Hush’s omakase typically consists of 14-course tasting menus with composed dishes, sashimi, and nigiri for ten or fewer guests. The oft-changing dishes use seafood sourced from Texas company Minamoto Foods. Arellanes notes that it’s “not a traditional omakase,” as he explains over email, but that he “make[s] sure there is integrity for the Japanese elements that are part of this experience while still making it my own,” applying his experiences cooking various cuisines ranging from Japanese to Spanish.
Arellanes, who grew up in Las Vegas, New Mexico, had been cooking at restaurants since he was 16, he started attending Luna Community College for culinary studies when he was 20, but then dropped out opting to cook at real restaurants instead. He also learned how to cook from his grandmother at home.
Then Arellanes moved to California, where he worked as a line cook and eventually sous chef at Santa Barbara restaurant Toma. That’s where he learned how to really cook in his opinion, from executive chef Nat Ely, including “the importance of intention in cooking, which translated to my being as a whole,” Arellanes writes. “It takes a lot of focus and time, and this job became a passion that enveloped my life.” It’s also where he learned about the importance of sustainability and using every part of the fish.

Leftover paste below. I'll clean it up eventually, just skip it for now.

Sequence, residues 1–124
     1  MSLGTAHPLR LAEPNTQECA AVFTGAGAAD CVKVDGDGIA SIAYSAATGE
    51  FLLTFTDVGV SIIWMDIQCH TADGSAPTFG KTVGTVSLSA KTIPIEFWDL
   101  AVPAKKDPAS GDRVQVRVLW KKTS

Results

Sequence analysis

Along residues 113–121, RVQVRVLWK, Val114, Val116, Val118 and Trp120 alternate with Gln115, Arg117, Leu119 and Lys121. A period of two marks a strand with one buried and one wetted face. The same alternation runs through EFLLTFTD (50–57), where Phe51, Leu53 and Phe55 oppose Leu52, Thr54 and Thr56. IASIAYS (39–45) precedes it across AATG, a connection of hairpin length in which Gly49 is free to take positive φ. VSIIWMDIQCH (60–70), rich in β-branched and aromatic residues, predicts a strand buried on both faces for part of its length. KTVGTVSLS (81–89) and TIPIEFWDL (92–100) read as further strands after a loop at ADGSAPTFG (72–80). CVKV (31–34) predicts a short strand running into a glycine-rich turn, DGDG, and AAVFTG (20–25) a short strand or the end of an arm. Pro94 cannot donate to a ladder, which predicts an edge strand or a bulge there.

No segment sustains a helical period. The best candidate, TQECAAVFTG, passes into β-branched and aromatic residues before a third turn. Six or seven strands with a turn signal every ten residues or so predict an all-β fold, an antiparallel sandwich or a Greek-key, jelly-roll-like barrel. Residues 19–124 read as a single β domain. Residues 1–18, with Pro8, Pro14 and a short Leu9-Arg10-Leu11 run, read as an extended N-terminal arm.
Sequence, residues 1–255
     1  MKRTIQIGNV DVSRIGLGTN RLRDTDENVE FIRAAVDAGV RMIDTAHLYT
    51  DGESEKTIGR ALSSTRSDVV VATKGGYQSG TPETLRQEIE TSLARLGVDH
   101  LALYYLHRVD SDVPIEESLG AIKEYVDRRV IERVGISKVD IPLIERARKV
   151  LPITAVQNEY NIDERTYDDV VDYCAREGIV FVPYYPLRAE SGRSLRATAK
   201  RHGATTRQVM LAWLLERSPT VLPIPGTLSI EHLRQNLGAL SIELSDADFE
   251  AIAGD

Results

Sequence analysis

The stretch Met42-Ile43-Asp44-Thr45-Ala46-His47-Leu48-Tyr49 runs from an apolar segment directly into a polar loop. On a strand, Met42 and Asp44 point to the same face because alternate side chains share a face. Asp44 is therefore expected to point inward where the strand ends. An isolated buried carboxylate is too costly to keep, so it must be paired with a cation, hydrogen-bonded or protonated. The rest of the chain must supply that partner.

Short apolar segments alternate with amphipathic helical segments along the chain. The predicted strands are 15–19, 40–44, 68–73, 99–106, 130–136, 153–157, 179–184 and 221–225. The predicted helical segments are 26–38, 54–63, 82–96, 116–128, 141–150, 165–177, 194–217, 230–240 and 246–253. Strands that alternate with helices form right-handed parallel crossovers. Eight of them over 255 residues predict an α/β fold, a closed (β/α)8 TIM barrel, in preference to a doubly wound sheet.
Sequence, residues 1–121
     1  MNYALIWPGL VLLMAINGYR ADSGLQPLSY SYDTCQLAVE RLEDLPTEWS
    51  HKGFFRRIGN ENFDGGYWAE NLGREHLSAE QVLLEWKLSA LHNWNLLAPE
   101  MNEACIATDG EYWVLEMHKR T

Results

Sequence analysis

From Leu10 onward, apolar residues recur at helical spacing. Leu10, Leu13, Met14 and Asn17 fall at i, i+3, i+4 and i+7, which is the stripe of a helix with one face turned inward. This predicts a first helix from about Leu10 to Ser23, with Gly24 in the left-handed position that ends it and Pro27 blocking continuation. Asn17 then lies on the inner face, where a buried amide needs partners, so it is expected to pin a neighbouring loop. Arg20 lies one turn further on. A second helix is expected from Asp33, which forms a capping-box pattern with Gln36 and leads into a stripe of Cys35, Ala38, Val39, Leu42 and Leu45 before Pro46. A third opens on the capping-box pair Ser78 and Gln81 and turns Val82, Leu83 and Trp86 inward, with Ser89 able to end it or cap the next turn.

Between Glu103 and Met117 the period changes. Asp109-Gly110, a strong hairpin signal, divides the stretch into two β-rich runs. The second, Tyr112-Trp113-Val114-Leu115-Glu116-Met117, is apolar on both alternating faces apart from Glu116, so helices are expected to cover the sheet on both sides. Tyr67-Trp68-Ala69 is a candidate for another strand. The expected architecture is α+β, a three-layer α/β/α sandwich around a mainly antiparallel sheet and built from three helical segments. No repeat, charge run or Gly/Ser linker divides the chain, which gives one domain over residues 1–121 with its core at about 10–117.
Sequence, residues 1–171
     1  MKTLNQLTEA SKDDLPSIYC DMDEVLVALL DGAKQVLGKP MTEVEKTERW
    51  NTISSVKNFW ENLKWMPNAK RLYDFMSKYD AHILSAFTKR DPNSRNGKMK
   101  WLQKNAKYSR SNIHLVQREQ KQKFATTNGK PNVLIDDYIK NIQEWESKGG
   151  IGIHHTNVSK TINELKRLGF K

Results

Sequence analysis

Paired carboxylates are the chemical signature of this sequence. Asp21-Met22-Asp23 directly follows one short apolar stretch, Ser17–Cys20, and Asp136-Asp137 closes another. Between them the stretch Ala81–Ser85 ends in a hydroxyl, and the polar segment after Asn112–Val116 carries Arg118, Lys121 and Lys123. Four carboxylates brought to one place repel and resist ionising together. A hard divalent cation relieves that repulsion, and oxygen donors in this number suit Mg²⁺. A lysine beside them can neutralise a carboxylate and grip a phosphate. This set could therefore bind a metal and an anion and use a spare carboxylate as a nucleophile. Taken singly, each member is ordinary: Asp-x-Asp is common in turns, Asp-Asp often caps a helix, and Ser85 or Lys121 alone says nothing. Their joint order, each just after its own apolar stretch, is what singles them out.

After Toma, Arellanes worked at the now-closed hotel restaurant Outpost in Goleta, California, and then Montecito restaurants Monarch and then the Silver Bough from chef Phillip Frankland Lee. When the latter two closed, he switched to Lee’s other restaurant in the city Sushi|Bar, which earned a Michelin star in 2021 during that time. It was there where Arellanes says he “learned the art of omakase,” under head chef Lennon Silvers Lee.
Arellanes moved to Austin to help Sushi|Bar open a Texas location later that year, but had his own goal of opening his own business. (Now that the original Austin location isn’t under Lee anymore, and the entire restaurant brand is now named Sushi by Scratch Restaurants.)
Hush started in December 2021 as a pop-up with the help of his savings and a loan from his mother. Arellanes first hosted the meals at his friend’s automotive shop in Zilker for only six guests at a time, then switched to undisclosed locations, still with the goal of opening a physical restaurant. There had been a space in the works in late September of 2022, but those plans fell apart eventually because his main investor pulled out, thus losing the intended location.
So now, in the meantime, Arellanes is operating Hush on a pop-up/private home omakase meals (or as he calls it, “homakases”) as he looks for potential investors, venture capitalists, or big loans to help secure a restaurant space.
In its current iteration, people are able to book Hush for $150 per person with add-ons for sake pairings as well as post-meal a la carte dishes. Parties range from two to 10 people. Settings have included private homes, condo kitchens, and even a hotel room once. Arellanes’s girlfriend and partner helps with the sake pairings and general manager/front-of-house duties.